The Psalms are significant and relevant, so when Concordia Publishing House released Engaging the Psalms: A Guide for Reflection and Prayer, I asked for it for Christmas. This is a great book, very suitable to junior high, high schoolers, or family use. Therefore, I made lesson plans before using it as part of our homeschooling.
Engaging the Psalms combines a discipline of Scripture with prayer that is very suitable as a devotional supplement to Christian homeschooling. It has been lovely to read one psalm a day and make time to digest it.
Engaging the Psalms contains introductory material, 150 psalms with an accompanying page or two, excursus, and several Bible studies. The lesson plans below contain all of them. Taking at least one day per psalm, these lessons portion the book into 168 lessons, daily work for just under a 34-week school year. If you prefer to have exactly 34 weeks, you can split both of the assigned readings for Psalm 119 into two; however, there is something to be said for reading each psalm in its entirety, even the longest one. In general, assignments are two pages long. The longest two are both for Psalm 119 and they are eleven and twelve pages, which includes reading the psalm once each day.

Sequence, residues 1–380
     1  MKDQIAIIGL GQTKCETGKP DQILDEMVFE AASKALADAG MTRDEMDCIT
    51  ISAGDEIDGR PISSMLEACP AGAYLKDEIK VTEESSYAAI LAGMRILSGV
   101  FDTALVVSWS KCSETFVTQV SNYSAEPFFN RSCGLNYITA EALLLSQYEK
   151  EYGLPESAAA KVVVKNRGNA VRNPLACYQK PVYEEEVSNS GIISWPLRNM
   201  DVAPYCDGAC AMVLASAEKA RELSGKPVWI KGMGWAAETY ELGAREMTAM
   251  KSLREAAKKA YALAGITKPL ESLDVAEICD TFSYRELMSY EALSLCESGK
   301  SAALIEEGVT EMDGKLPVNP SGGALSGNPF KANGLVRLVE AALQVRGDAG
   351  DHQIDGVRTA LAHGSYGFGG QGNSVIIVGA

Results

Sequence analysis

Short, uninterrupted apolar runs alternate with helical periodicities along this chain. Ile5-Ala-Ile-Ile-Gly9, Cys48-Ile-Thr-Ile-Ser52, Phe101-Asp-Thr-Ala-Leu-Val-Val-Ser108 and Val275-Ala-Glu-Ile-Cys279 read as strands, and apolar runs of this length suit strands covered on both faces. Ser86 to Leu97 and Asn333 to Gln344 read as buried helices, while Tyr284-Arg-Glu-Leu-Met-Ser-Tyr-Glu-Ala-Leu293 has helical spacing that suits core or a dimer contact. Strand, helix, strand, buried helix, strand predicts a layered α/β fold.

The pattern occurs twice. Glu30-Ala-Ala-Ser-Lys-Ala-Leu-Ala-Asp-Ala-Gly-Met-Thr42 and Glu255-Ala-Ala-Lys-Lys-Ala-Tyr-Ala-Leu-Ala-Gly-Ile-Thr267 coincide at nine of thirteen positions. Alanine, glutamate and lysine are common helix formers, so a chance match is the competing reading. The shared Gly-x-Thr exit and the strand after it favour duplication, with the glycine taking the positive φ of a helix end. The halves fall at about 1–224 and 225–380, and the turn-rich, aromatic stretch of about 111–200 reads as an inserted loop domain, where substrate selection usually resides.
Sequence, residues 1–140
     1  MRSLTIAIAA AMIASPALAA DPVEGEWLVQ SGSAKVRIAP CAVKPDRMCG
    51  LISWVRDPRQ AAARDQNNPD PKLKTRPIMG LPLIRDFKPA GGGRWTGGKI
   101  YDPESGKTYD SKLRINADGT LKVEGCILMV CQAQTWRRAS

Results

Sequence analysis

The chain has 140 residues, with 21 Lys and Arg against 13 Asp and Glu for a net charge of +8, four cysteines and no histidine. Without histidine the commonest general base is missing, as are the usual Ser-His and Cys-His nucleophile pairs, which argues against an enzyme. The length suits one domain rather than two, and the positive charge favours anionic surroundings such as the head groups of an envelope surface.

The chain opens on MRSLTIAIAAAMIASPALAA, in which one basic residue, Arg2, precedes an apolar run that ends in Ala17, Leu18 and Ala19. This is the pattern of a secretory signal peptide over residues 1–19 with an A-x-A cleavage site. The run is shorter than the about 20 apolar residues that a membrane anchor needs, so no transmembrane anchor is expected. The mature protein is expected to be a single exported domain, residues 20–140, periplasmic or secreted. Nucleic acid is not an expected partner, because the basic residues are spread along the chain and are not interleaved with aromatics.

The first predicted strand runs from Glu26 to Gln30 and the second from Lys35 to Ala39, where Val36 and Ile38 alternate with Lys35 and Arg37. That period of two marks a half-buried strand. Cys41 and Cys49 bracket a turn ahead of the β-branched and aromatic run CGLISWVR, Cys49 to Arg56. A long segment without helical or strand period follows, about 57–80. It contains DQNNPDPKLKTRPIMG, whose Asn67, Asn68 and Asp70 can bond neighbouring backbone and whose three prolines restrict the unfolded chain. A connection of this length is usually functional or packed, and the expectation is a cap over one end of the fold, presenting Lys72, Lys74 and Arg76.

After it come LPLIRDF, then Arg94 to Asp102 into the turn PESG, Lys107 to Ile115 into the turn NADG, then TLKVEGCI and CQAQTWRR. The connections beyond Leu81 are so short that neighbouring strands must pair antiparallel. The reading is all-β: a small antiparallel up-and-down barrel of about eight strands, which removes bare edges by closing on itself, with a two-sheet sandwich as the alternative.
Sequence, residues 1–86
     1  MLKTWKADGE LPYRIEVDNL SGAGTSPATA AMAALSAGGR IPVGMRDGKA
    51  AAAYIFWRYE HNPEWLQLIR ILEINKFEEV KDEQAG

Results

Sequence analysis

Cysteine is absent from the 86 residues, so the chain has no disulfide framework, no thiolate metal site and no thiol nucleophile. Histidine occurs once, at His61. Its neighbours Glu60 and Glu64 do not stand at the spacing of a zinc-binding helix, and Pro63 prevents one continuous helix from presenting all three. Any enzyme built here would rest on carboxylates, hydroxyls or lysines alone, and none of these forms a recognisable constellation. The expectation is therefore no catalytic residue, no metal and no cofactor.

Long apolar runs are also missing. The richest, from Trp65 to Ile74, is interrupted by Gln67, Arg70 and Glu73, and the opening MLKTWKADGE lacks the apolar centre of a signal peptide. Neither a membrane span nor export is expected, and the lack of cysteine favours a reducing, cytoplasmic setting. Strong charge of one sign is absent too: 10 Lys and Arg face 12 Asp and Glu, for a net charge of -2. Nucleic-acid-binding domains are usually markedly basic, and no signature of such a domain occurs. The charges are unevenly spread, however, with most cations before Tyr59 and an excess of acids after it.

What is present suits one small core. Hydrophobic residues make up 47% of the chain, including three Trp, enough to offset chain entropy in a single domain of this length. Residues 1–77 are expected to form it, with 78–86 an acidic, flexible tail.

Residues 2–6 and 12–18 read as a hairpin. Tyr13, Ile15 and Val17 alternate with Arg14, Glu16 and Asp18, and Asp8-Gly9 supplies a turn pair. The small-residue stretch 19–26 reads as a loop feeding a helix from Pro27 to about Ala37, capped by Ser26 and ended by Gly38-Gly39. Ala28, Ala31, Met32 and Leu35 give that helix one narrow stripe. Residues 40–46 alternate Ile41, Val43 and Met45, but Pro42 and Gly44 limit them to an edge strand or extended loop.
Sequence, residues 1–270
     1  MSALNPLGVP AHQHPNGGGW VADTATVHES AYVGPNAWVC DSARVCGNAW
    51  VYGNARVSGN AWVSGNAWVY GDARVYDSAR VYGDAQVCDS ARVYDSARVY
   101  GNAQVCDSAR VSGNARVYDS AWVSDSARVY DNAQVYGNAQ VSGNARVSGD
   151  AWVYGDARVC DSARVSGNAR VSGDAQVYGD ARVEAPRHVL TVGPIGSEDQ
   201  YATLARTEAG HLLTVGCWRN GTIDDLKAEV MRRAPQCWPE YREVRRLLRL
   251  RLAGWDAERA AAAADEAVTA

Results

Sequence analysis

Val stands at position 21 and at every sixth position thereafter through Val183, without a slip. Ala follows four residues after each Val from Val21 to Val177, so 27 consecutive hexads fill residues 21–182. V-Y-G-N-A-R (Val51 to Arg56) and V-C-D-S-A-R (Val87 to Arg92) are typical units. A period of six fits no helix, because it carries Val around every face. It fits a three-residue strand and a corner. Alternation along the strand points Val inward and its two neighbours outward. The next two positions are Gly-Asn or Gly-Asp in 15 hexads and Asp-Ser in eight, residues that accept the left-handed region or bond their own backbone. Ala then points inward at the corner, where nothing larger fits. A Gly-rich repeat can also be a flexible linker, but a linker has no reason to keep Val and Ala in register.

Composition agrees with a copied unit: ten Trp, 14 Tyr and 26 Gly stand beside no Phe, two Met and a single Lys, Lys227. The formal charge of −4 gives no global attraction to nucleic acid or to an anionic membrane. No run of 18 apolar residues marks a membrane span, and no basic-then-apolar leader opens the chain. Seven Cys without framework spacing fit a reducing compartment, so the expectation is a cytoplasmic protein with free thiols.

I recommend reading each psalm before the accompanying commentary (as it is printed) and then rereading the psalm prior to filling in the remaining sections. Although I sometimes read each psalm once or twice to understand how the psalm applies to me, I have also found it incredibly helpful to read it specifically as Jesus prayed it, that is, from His perspective.
My final recommendation is to allow your students to have personal copies of the book. Then do not read your students’ answers. Let those be between them and God. However, I think it is reasonable to ask them to wave the completed page in front of you so that you can see they have added ink.
Do you NEED lesson plans to utilize this book? Certainly not! Read a psalm a day and absorb excursus opportunities as they come. Still, some of us like lesson plans, especially since you can print the PDF and use it as a helpful bookmark. 🙂